Piston aircraft gallery


Turboprop aircraft gallery

Generally, a propliner is a large passenger or cargo aircraft of primarily metal construction powered by two or four piston engines.

The propliner era began in the early 1930s and ended in the 1950s with the advent of jet and turboprop-powered airliners. It was a significant period in aviation that brought many changes to how people traveled and how many people had access to air travel.

During the propliner era, air travel became reachable to the masses. In the interwar period, air travel was primarily the domain of the wealthy. Post-WWII developments in aircraft and engine design reduced operational costs for large airliners. They led to airlines creating multiple passenger classes, thus bringing the price of air travel within reach of many more people.

During this period, land-based aircraft became capable of flying trans-oceanic distances, and the era of passenger service by flying boats ended. Large land-based propliners were faster, more efficient, less maintenance intensive, and much less limited in where they could operate; the flying boat never stood a chance against them.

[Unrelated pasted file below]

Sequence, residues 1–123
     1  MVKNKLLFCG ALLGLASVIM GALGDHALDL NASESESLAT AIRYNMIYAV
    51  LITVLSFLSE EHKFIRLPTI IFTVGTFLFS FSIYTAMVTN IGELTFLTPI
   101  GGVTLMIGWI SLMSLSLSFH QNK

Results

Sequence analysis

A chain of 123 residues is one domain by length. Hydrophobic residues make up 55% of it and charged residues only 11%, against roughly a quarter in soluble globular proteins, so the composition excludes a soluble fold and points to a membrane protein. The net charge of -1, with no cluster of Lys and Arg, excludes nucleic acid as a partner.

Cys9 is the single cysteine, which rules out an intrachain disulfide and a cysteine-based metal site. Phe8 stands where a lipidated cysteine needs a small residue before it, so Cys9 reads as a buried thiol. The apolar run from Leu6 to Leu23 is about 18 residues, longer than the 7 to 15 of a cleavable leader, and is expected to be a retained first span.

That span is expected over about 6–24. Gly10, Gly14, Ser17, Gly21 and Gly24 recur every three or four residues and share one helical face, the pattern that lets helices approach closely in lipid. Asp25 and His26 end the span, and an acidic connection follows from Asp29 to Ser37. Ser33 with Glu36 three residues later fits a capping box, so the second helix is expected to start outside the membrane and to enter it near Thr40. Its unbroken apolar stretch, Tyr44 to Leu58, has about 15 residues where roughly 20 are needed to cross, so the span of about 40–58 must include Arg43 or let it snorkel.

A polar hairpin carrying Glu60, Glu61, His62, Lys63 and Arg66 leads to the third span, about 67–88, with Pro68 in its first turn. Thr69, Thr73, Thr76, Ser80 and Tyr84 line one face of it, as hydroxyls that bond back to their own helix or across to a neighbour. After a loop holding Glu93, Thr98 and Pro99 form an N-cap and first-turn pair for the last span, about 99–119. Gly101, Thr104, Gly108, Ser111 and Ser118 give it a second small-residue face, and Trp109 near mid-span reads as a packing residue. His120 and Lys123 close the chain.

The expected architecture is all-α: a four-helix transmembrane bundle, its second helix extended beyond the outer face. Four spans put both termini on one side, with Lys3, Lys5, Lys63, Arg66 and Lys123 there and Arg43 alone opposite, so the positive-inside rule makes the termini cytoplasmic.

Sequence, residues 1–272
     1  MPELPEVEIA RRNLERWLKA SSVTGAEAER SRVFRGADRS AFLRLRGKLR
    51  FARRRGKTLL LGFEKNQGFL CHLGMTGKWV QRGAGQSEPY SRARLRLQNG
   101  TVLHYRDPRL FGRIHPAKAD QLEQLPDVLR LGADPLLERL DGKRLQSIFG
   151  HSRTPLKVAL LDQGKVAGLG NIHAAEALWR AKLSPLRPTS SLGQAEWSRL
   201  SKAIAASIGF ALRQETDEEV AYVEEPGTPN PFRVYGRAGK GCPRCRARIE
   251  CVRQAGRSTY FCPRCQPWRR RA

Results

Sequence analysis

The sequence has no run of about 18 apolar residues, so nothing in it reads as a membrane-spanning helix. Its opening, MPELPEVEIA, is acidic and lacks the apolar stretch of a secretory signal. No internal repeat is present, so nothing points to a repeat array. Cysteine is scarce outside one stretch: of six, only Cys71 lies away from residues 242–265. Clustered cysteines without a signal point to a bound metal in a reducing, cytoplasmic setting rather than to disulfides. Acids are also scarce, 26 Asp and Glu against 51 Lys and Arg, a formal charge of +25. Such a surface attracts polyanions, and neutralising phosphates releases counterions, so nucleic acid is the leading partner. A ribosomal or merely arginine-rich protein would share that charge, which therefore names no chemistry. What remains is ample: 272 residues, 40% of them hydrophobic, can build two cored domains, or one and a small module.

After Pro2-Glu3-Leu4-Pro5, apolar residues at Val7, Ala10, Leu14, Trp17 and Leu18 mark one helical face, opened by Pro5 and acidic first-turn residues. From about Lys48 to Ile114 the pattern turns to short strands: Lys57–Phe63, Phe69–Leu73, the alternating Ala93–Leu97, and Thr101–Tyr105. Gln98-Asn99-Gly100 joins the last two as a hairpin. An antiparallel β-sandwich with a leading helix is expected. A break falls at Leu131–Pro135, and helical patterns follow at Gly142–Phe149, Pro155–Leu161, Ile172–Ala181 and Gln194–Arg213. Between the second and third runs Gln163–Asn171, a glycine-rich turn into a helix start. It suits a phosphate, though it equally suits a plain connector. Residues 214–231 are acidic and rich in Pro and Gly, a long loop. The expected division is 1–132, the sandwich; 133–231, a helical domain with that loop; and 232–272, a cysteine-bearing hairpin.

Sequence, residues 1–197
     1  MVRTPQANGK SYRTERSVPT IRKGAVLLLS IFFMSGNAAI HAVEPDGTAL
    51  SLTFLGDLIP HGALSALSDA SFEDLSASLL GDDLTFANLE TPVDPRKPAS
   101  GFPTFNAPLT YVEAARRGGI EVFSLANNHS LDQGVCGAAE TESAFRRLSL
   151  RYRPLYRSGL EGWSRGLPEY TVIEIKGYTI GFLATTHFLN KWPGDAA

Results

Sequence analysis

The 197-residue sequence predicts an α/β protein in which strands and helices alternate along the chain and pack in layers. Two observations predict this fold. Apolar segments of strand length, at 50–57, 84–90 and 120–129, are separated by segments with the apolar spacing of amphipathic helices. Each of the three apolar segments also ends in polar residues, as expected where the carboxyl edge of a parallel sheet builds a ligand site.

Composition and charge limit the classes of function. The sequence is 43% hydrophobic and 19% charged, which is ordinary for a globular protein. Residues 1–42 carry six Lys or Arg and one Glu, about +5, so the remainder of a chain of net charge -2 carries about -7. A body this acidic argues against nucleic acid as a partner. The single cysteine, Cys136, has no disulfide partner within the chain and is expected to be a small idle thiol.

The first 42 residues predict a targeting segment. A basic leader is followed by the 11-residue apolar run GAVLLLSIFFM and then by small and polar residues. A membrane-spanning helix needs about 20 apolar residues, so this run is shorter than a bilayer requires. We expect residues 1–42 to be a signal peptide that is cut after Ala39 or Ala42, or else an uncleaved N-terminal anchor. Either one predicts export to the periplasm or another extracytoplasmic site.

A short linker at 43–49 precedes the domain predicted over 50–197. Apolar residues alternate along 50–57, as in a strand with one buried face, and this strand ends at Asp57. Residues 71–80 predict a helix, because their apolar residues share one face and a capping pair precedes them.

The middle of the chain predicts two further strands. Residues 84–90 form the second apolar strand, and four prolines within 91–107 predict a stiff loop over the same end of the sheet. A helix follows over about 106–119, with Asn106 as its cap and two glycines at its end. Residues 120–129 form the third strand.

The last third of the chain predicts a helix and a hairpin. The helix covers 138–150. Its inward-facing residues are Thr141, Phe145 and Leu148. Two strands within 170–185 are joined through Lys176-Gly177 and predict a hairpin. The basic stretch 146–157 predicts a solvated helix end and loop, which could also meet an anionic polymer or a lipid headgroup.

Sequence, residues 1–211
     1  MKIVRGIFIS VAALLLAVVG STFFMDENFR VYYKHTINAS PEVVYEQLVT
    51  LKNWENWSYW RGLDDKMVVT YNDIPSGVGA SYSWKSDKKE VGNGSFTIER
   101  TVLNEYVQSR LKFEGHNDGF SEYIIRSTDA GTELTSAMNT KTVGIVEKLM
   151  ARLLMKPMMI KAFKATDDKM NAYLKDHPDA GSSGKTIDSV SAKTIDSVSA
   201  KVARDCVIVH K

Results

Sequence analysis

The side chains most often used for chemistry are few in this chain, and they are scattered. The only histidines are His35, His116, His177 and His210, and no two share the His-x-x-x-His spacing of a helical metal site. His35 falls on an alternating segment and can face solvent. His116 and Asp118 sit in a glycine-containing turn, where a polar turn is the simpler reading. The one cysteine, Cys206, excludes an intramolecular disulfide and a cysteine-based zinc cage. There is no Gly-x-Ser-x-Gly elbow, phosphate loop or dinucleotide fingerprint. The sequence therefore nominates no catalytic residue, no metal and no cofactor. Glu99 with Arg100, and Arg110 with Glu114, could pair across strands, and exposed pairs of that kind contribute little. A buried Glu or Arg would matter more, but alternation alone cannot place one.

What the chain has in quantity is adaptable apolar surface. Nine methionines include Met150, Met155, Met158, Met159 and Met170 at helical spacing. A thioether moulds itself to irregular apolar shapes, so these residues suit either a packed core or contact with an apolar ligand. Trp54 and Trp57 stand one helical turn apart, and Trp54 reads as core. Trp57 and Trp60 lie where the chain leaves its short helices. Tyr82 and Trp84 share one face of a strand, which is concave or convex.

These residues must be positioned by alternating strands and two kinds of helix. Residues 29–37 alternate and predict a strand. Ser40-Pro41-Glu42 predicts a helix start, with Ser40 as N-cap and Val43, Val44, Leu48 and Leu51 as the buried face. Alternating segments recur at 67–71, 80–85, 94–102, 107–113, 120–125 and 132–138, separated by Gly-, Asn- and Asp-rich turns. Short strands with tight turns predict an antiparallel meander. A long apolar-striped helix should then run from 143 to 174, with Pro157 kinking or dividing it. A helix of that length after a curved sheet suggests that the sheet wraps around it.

A turboprop aircraft is similar to a jet aircraft in mechanical terms. Jets have turbine engines encased with fan blades, while turboprops have a propeller on the outside. These are much different from aircraft with piston engines, which also have propellers but are much different mechanically.

The first experimental turboprop aircraft, a modified Gloster Meteor fighter equipped with two Rolls-Royce Trent units, flew in 1945 in England. The first turboprop commercial airliner to enter scheduled service was the Vickers Type 701 Viscount, April 18, 1953.

Due to improvements in turbojet design, the turboprop - less efficient at high speeds - lost much of its importance in the 1960s, although aircraft manufacturers retained it for relatively short-range aircraft.